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So someone in your lab has asked you to write a Bash script, or maybe you’ve heard about Bash and wonder what it’s about. This is the first of a set of tutorials designed to teach you how to automate some of your data analysis processes while learning fundamentals of Bash. The intended audience is both beginners and novices, whether you’re not sure what Bash is or you’re hoping to reduce the labor of data processing. However, if you already have your Bash environment set up you might want to go ahead to Part 1 on scripting. After completing this first tutorial you should have an idea of what Bash is, how to navigate a file system, and how to create and run Bash scripts.
If you’re a Windows user, you may have heard that Microsoft is bringing Bash to Windows but you might have limited experience interacting with Bash or may not even be sure what it is. Bash is still in the developer preview accessible only through the Microsoft Insider program, if you already have developer build 14316 or later installed you can enable Bash.
However, the Insider build and Bash for Windows are still in development and I wouldn’t recommend them just yet. It’d probably be best to install Linux alongside Windows or spin up a Virtual Machine to work along with these tutorials.
Through this three part series you will learn to parse web pages, clean data, and automate processes by writing Bash scripts that make use of several UNIX tools. I’ll do my best to provide useful resources that you can use to further explore the content and use in your future projects. If you have any questions, suggestions, or requests for content leave a message in the comment section.
What is Bash?
Bash stands for Bourne again shell and is a free shell written for the GNU operating system and is maintained by the Free Software Foundation. A shell is a special program which allows a user to interact directly with the operating system through their keyboard and therefore is an essential tool for any programmer. You may already be familiar with the look of Bash popularized in movies and other media. Bash is also a scripting language that we will use to communicate our commands to the operating system.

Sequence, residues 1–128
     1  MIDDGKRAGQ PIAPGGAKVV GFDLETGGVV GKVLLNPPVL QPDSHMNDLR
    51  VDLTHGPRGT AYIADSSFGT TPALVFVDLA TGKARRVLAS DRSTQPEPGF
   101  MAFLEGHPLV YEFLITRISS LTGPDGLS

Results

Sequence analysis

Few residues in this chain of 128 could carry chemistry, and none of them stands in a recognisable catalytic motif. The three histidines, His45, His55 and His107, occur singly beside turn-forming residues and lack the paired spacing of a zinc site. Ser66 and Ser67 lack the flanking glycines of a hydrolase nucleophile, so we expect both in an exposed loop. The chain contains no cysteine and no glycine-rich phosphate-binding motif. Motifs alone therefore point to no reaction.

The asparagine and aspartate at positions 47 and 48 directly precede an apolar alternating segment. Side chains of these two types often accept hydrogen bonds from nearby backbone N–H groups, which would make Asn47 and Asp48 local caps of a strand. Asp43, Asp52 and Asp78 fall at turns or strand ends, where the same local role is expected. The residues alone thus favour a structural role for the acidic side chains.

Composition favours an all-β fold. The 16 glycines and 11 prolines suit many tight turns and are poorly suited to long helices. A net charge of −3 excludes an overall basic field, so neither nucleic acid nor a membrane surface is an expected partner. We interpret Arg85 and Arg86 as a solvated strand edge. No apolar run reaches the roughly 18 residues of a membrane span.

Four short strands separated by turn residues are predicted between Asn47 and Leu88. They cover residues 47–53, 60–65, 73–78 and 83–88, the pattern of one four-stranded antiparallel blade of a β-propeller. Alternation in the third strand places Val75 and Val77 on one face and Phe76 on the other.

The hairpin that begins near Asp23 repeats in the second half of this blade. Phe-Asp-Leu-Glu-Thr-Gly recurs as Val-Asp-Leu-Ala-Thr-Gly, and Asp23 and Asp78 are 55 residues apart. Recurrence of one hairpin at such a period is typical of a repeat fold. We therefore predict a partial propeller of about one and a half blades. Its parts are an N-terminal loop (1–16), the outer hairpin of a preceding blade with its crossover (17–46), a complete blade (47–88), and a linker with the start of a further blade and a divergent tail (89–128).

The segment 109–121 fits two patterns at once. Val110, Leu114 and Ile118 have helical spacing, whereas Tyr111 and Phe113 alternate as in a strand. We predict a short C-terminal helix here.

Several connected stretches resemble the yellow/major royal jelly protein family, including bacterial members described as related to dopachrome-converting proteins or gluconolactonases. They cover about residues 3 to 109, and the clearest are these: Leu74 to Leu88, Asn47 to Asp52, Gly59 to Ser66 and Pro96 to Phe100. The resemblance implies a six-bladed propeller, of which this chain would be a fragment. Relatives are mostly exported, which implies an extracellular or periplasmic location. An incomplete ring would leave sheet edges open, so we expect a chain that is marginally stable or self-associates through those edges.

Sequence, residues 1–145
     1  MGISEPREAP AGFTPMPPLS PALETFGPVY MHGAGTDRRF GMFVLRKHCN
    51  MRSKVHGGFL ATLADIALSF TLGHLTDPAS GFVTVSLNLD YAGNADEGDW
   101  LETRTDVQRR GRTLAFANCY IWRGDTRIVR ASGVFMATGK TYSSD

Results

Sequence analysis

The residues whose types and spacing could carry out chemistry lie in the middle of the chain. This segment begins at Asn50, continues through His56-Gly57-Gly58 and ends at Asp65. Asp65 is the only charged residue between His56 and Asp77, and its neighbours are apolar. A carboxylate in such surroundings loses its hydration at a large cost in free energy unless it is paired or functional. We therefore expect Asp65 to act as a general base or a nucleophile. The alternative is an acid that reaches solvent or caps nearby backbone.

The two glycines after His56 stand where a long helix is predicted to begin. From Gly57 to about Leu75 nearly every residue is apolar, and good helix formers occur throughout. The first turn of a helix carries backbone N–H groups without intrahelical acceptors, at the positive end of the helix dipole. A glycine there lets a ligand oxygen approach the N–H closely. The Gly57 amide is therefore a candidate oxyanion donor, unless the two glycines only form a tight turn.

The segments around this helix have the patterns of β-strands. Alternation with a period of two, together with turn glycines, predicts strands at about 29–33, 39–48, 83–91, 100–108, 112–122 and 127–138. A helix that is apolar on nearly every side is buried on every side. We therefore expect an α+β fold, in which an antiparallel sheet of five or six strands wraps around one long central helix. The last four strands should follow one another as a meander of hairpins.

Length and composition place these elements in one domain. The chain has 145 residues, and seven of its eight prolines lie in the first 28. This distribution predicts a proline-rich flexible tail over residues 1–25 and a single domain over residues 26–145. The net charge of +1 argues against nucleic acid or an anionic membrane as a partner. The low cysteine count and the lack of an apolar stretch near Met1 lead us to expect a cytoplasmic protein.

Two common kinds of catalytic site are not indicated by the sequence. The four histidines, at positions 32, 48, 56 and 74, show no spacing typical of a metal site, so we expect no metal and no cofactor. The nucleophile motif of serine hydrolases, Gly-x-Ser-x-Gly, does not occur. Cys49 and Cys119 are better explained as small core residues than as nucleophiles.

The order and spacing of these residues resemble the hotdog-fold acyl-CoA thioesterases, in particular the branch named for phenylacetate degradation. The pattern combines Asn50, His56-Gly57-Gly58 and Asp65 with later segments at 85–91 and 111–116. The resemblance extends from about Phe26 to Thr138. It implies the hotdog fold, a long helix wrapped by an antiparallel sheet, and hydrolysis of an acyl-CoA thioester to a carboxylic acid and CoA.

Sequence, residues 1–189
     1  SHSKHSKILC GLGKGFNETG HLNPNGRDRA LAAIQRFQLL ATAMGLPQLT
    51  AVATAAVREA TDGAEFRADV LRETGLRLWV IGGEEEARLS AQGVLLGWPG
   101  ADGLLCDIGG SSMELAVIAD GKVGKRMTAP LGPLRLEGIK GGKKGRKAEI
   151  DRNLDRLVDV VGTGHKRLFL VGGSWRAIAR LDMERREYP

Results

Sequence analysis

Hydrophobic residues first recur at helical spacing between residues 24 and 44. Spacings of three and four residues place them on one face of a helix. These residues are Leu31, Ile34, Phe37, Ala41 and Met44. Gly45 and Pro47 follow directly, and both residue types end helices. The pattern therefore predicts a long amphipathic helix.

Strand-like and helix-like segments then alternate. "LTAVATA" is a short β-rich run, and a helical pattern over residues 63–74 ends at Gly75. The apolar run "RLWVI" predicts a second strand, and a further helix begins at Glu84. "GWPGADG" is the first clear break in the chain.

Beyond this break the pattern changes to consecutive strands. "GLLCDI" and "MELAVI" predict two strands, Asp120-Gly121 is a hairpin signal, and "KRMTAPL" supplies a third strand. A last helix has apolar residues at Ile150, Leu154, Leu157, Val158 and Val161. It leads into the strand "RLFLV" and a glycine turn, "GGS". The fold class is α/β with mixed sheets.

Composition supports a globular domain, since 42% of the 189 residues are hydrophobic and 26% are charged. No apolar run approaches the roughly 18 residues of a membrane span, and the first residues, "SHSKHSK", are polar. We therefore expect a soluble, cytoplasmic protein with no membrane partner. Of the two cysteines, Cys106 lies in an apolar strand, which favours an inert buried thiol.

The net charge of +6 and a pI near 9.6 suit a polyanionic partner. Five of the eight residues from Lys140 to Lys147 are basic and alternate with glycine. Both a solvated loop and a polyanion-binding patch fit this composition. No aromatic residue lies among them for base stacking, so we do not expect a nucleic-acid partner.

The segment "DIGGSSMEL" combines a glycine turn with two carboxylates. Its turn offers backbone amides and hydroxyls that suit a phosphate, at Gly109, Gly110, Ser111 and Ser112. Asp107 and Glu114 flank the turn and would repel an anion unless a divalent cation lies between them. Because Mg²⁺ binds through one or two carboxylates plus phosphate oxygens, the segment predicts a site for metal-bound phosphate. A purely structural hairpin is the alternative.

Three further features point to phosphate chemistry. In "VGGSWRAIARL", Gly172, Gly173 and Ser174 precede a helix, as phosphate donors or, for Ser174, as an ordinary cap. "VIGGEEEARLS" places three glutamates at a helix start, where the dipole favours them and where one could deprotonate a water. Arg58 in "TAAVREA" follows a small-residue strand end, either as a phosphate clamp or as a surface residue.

Let’s begin by starting up a Bash session of our own. On OS X and Linux, the shell can be accessed through a program called Terminal. A useful hot-key for this is Ctrl+Alt+t on Linux, if you’re running OS X you will have to manually set this hot-key.
We’re ready to write our first script, we’ll start off simple with writing text to the screen (all the following examples require you type the text following the $ in the terminal hitting enter at the end of the line):
$ echo "Hello World"
The default output of the echo and many other programs is to standard output, typically your monitor. We can just as easily print the results to a file using the “>”, standard out redirect command:
$ echo "Hello World" > hello
We can then print the contents of the file to standard out by using a program called cat, short for concatenate:
$ cat hello
Navigating the File system
Let’s go ahead and clear the screen using:
An important piece of information to remember is that in Unix-like operating systems (*nix) everything is a file, from photos to folders (also known as directories are just files with lists of other files), even Bash is a file residing within what is collectively referred to as the file system. To find Bash’s location in the file system, we can type: